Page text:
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In Our Time: History

Historical themes, events and key individuals from Akhenaten to Xenophon.

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The Mexican-American War

Melvyn and guests discuss the 1846-48 conflict after which the United States of Mexico lost half its territory to the United States of America. The US gained land covered by the states of Texas, Utah, California, New Mexico, Nevada, Arizona and part of Colorado. The outcome had a profound impact on Native Americans and led to civil war in defeated Mexico. It also raised the question of whether slavery would be legal in this acquired territory - something that would only be resolved in the US Civil War, which this victory hastened.With Frank CoglianoProfessor of American History at the University of EdinburghJacqueline Fear-SegalProfessor of American and Indigenous Histories at the University of East AngliaAndThomas RathLecturer in Latin American History at University College LondonProducer: Simon Tillotson.

49mins

28 Jun 2018

Rank #1

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Bismarck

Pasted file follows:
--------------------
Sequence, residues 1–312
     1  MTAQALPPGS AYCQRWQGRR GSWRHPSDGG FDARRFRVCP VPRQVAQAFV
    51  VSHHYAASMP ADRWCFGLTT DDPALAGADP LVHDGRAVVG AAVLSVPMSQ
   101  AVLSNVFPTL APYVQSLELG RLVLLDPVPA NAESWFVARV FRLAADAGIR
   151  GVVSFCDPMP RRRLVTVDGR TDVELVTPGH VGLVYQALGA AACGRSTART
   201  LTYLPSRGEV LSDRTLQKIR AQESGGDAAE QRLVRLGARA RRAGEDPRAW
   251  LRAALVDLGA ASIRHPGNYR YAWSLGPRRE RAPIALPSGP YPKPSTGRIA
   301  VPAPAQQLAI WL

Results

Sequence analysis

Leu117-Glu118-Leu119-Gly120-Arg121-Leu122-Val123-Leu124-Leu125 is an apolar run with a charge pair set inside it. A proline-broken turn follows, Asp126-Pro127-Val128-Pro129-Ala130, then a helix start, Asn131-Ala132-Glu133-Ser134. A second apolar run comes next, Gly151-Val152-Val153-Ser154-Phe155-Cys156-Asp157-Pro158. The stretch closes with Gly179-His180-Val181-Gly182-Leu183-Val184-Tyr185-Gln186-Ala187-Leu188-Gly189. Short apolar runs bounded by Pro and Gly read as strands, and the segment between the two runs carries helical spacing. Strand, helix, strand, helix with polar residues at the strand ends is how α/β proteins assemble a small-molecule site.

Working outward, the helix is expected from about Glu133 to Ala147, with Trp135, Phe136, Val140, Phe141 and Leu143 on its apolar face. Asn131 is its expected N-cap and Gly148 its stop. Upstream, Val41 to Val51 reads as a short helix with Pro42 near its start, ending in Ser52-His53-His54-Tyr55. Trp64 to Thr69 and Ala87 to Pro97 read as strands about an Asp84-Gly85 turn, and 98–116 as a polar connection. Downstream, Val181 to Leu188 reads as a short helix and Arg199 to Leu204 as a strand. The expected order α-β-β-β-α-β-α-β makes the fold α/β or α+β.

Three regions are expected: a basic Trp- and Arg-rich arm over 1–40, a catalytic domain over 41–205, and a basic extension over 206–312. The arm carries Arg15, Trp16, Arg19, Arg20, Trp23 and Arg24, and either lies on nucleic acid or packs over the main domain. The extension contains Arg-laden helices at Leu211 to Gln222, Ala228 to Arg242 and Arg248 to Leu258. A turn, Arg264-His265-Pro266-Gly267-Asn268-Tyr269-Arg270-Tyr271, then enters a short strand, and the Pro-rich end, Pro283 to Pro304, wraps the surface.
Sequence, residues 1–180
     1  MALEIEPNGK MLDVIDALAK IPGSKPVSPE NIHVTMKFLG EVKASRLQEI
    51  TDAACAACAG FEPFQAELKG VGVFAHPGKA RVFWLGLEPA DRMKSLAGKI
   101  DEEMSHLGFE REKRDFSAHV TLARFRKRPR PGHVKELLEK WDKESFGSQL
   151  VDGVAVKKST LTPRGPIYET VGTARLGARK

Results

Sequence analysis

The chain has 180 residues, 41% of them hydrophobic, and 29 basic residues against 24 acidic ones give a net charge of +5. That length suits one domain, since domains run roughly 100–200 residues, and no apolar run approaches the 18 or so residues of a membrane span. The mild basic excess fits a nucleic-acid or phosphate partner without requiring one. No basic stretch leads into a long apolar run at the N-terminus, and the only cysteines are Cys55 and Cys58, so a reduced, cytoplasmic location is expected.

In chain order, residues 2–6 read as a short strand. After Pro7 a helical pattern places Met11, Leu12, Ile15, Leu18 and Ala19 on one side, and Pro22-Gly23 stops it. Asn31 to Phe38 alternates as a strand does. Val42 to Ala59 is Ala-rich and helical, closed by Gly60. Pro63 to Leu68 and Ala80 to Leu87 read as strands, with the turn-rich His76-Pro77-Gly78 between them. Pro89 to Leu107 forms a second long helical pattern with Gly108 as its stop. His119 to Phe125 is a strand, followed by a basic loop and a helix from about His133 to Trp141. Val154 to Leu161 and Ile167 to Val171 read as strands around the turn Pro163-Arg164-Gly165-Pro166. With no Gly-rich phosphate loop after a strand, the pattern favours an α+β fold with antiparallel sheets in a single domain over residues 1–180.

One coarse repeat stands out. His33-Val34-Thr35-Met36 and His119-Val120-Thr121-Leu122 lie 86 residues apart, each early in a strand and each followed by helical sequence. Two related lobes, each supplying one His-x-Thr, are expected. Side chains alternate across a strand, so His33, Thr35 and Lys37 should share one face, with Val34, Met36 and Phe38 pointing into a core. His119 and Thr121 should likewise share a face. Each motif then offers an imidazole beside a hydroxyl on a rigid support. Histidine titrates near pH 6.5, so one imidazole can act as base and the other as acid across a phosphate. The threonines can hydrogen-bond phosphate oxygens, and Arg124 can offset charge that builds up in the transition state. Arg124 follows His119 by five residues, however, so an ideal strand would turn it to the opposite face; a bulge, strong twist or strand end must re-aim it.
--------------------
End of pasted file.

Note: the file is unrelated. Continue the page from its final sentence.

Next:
Melvyn Bragg and guests discuss the original Iron Chancellor, Otto Von Bismarck. One of Europe's leading statesmen in the 19th Century he is credited with unifying Germany under the military might of his home state of Prussia. An enthusiastic expansionist, Bismarck undertook a war against Denmark that has become a by-word for incomprehensible conflict. The British Prime Minister, Lord Palmerston, said: “The Schleswig-Holstein question is so complicated, only three men in Europe have ever understood it. One was Prince Albert, who is dead. The second was a German professor who became mad. I am the third and I have forgotten all about it.”After vanquishing Austria and France, Bismark led the new industrialising Germany, managing to remain in power for a further two decades. Bismarck said: “The art of statesmanship is to steer a course on the stream of time” and he founded one of Europe's first welfare states but he was also known for his ruthless tactics, ignoring democratic institutions, dabbling in dirty politics, leaking to the press and bribing journalists. Was the unification of Germany a carefully planned campaign or a series of unpredictable events that Bismarck made the most of? Did his encouragement of militaristic nationalism bear fruit in Nazi Germany, and what is his legacy today in contemporary Germany?With Richard J Evans, Professor of Modern History at the University of Cambridge; Christopher Clark, Reader in Modern European History at the University of Cambridge; and Katharine Lerman, Senior Lecturer in Modern European History at London Metropolitan University